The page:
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Too Old for Carpal Tunnel Surgery? No Such Thing


"For patients with very slight symptoms, there should be no hurry to get an operation," Todnem says. "They can wait and see, and when the pressure around the median nerve decreases, the situation will normalize. Some patients will get better."

In the meantime, the best advice for those patients is to work less with the hands, Todnem says.

Stan Pelofsky, MD, president elect of the American Association of Neurological Surgeons (AANS), who was not involved in the study, says it demonstrates that age alone should not be a reason for foregoing surgery.

In the past, surgeons have been reluctant to operate on older patients for fear of complications resulting from other medical conditions, or from putting the person to sleep. But today, the surgery can be done safely and easily with a local anesthetic, which leaves the patient awake, he says.

Pelofsky notes that some patients in the study did appear to improve despite receiving no treatment, and that more conservative therapies -- such as splints, steroids, and decreasing work with hands -- can help some patients.

But many patients live with carpal tunnel syndrome for many years, he says, at significant cost to their quality of life. While surgery should not be the first option, it can be an alternative -- no matter how old the patient is.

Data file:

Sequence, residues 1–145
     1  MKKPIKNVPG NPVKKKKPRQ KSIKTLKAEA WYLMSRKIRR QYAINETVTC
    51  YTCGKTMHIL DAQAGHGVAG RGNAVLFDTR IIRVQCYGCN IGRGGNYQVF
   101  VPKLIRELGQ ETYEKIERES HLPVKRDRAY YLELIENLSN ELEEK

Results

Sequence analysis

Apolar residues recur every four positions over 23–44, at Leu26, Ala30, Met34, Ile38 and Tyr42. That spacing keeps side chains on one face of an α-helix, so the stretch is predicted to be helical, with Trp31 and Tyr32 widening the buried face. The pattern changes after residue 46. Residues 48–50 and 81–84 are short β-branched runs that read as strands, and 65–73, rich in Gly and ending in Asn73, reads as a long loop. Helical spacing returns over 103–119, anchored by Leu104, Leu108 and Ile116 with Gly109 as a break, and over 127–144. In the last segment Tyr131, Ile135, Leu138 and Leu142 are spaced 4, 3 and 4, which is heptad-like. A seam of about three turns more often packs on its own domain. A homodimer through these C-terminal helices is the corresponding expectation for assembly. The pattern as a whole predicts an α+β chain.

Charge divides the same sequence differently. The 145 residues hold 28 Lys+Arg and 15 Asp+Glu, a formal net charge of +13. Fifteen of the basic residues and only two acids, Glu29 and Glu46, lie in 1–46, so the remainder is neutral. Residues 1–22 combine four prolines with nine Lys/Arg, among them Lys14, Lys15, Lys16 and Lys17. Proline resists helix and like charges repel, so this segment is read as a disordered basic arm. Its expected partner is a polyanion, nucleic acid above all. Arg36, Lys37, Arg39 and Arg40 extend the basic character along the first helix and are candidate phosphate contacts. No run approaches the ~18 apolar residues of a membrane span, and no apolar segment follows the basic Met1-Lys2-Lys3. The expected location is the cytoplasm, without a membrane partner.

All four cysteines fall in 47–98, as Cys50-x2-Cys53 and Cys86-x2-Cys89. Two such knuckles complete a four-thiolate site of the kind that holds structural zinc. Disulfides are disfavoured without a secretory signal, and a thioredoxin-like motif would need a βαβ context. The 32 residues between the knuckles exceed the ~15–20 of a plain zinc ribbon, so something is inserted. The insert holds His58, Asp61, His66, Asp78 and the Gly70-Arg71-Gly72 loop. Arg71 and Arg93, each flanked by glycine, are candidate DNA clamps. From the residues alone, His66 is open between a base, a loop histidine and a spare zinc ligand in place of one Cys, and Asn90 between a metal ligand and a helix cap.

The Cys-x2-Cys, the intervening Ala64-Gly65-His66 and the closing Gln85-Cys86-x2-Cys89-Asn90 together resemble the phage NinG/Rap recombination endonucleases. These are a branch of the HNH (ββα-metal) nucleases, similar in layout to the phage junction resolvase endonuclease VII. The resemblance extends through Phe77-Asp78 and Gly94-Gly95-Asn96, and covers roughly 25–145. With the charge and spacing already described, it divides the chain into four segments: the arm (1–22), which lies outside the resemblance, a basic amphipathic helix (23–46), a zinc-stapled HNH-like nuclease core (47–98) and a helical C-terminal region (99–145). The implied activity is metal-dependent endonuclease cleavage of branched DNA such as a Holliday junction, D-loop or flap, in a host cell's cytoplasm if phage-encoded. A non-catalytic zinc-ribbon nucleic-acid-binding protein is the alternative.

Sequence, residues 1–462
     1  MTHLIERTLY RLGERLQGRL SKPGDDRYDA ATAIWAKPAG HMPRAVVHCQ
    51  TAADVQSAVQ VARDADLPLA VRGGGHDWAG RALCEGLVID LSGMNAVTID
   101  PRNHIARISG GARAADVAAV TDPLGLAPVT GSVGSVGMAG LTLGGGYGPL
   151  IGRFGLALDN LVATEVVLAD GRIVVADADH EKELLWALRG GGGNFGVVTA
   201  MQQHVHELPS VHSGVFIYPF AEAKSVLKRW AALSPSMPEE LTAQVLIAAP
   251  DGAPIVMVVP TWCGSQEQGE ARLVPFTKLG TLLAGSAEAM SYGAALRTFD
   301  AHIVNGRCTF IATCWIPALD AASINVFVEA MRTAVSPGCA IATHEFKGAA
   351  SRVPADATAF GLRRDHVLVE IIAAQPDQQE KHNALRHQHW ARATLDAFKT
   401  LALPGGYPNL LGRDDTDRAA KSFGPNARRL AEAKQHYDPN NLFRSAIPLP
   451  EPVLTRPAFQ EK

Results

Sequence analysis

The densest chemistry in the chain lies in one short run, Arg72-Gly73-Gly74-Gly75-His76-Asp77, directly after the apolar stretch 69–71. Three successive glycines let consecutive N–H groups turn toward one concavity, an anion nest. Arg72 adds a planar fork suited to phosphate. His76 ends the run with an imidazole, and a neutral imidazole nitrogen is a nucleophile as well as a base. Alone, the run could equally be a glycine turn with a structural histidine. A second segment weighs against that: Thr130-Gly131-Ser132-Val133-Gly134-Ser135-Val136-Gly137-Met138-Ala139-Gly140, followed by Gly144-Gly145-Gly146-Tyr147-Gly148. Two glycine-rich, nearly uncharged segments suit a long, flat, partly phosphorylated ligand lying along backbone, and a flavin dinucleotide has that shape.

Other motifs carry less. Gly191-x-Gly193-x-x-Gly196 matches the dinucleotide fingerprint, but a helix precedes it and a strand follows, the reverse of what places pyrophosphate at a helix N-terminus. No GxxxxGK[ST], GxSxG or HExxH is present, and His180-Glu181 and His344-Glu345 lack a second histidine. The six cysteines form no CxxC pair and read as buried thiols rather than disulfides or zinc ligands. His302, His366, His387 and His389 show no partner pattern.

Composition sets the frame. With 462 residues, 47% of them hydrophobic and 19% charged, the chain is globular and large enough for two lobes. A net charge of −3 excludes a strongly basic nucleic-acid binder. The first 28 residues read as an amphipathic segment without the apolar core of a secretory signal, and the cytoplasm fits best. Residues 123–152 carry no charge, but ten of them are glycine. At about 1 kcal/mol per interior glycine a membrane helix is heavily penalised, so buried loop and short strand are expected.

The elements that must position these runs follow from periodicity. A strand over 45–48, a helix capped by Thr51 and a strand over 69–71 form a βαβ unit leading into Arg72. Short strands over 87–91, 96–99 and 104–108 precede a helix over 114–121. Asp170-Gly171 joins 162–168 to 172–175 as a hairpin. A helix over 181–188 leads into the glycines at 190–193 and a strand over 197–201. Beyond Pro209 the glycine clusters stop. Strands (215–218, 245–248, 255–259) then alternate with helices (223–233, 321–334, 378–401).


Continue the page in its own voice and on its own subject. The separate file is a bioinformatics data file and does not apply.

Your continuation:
If a patient has symptoms, a diagnosis of carpal tunnel syndrome, and conservative therapies haven't worked, "surgery is an excellent option, even if the patient is 80 years old," Pelofsky tells WebMD.

The incidence of carpal tunnel syndrome appears to be on the rise, though exact figures are hard to come by. One British study from 1998 found that 7% to 16% of patients experience carpal tunnel syndrome, with people over age 54 at higher risk than younger adults.

According to the AANS, carpal tunnel syndrome can be caused by any repetitive motions that cause swelling, thickening, or irritation of the membranes around the tendons in the carpal tunnel of the hands. These include repetitive and forceful grasping of the hands, and consistent bending of the wrist.

Other causes include broken or dislocated bones in the wrist, arthritis, thyroid gland imbalance, diabetes, and hormonal changes associated with pregnancy. In some cases, no cause is found, according to the AANS.



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